Suki Sandhu has been a force of nature on the diversity and inclusion (D&I) scene for several years now. He is the founder of OUTstanding, which campaigns for more LGBT inclusion in business and also publishes an annual list of the most prominent and active LGBT senior business people and allies, in conjunction with the Financial Times. This push for equality in business has grown as Suki also recently launched EMpower, a similar organisation for black, Asian and minority ethnic business people, and HERoes, for women in business. He has also been a great supporter of the work of Emerald Life.
We spoke to him at his new offices in Chancery Lane, where he has managed to squeeze in all three organisations alongside his C-suite recruitment business.
Why did you start OUTstanding?
I had been working in recruitment and executive search for almost a decade, and was repeatedly struck by the lack of diversity at the highest levels in business – and particularly, the lack of out LGBT+ executives. My clients would be interested in hiring women for the boardroom which was great, but I wanted to expand their perspective of what diversity is. I also wanted to challenge stereotypes of ‘LGBT+ professions’. Yes, we’re well represented in the arts, fashion and media but we’re also CEOs in banking, partners in law firms and successful business leaders. So, I started OUTstanding as a role model list initiative, celebrating 50 LGBT+ Executives through a media partnership with the Financial Times. This quickly grew into something more as our role models recognised the social and economic benefits of having a workplace culture where everyone can bring their whole selves to work. Within a matter of months, we were established as a membership organisation, working with our four founding member firms on their LGBT+ inclusion activities. And in the four years since, we’ve not stopped growing – we’re up to 70 member firms, and we now have FOUR role model lists celebrating LGBT+ and Ally Executives, as well as LGBT+ Public Sector Executives and LGBT+ Future Leaders. That’s 220 role models in total!
What is the importance of lists and rankings?
I don’t think it’s so much the list or ranking element – the numbers and positions don’t matter. What matters is the fact that our lists provide a public platform for positive role models. They allow us to celebrate and congratulate those who are doing great things, but more importantly, they provide hope and motivation for others. For those who are living in secrecy, or aren’t comfortable with their LGBT+ status, the success stories from senior role models can provide inspiration and courage they need to start living as their authentic selves. It shows them they’re not alone and that your sexuality is not a barrier to your success professionally.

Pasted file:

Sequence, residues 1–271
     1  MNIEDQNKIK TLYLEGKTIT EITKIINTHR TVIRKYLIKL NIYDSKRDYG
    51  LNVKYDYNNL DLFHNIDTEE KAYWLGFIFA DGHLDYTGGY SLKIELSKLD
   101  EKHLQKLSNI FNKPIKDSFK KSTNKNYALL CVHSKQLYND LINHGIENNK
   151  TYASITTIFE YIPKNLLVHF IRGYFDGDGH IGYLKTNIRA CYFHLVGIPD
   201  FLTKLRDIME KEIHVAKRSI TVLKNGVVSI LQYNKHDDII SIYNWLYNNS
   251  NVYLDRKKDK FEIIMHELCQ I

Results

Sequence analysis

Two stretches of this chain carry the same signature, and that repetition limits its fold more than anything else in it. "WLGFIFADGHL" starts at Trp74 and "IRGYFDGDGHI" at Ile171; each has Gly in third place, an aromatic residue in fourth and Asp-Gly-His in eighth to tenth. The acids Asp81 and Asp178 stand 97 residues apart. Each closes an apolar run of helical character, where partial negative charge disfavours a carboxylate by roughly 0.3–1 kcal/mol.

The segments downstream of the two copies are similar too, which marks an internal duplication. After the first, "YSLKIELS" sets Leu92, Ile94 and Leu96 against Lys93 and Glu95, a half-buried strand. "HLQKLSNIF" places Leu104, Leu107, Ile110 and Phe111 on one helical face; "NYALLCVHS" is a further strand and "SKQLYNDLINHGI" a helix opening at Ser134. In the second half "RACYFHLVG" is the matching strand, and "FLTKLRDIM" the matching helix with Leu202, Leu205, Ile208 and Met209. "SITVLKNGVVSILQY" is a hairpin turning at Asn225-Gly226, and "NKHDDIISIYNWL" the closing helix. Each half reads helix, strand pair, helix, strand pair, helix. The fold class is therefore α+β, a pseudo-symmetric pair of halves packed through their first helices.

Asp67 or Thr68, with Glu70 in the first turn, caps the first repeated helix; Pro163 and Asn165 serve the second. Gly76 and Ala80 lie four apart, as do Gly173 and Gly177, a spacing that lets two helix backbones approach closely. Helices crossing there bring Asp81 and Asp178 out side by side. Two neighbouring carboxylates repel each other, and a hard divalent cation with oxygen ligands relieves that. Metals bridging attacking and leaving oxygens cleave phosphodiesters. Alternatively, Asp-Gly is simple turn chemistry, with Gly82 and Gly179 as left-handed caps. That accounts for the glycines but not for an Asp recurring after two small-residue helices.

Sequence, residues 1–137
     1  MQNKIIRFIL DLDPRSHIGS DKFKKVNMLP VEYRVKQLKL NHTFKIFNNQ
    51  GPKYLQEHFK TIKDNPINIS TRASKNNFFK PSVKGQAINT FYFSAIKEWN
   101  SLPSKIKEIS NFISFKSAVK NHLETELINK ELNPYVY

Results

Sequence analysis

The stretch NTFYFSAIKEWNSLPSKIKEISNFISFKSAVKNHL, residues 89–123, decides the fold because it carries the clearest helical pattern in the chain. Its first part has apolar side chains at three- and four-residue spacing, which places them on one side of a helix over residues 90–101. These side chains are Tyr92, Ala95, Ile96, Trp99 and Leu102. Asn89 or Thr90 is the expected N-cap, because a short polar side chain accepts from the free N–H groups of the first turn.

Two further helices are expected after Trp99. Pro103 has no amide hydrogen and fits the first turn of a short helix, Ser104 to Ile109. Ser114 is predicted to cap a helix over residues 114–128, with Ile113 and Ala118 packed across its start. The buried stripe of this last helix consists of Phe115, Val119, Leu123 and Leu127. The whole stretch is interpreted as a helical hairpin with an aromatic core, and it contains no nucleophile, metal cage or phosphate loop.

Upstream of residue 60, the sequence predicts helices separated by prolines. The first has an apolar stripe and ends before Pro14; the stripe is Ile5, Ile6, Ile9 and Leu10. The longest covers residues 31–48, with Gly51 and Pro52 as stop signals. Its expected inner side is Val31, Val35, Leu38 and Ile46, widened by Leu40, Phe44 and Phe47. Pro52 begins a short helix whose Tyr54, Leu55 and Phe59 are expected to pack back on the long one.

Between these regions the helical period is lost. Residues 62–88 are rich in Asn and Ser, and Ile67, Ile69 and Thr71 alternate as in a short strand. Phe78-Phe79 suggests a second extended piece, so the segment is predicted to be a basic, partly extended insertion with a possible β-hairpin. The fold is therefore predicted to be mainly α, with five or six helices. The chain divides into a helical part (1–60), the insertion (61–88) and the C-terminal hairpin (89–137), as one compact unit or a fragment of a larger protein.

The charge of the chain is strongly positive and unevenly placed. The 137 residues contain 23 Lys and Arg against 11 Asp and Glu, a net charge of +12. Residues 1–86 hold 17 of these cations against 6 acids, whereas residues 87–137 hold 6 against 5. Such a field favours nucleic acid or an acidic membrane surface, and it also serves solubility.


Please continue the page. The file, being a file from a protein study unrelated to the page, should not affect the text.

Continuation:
How did EMpower and HERoes then develop?
You only have to read the newspapers to see that LGBT+ is not the only under-represented diversity strand. Unfortunately boardrooms up and down the country are full of old, white, straight men – often called John (it’s true!) – and these are the decision makers for some of the biggest players in our national economy. Diversity of thought translates to diversity of action, and ultimately greater business success. Moving into different diversity spheres was the next logical step for us. By celebrating champions of women in business and ethnic minority leaders, we are helping to increase this diversity, whilst creating and nurturing sustainable, diverse talent pipelines for the future.
How do they support each other?
Diverse groups can learn a lot from one another. A lot of the experiences faced by minority groups are the same, regardless of what that minority is. And we mustn’t forget the element of intersectionality – where people fall into multiple minority groups. As an Asian, gay man, this is something I can 100% relate to. There are aspects of discrimination that can relate to either or both elements, with neither being right or pleasant. Within OUTstanding and EMpower member firms, we are seeing more and more cases of Employee Resource Groups (ERGs) working together. They are recognising the benefits and learnings that they can gain from one another, and I’m confident we’ll continue to see more cases of cross-network support.
What else is next?
The sky’s the limit. On the OUTstanding side, we’re launching a base in Dublin so as to better serve our members across the Irish Sea. We’re also increasing the number of international events we offer, and developing some exciting research pieces to cement our thought leadership offering. On the EMpower side we’re continuing to grow our member base and launching a Future Leaders’ Programme soon. And for HERoes we have our first ever role model list publication this week, and hope to pilot a membership offering within the next 12 months too. You definitely can’t accuse us of being complacent.
What is the ultimate goal?
That’s simple – a world where our workplaces are so diverse and inclusive that we no longer need to exist. But we’re a long way from this, so I think I’m safe in my role for now!
The 2017 Financial Times OUT-standing ranking tables can be found at https://www.out-standing.org/nominations/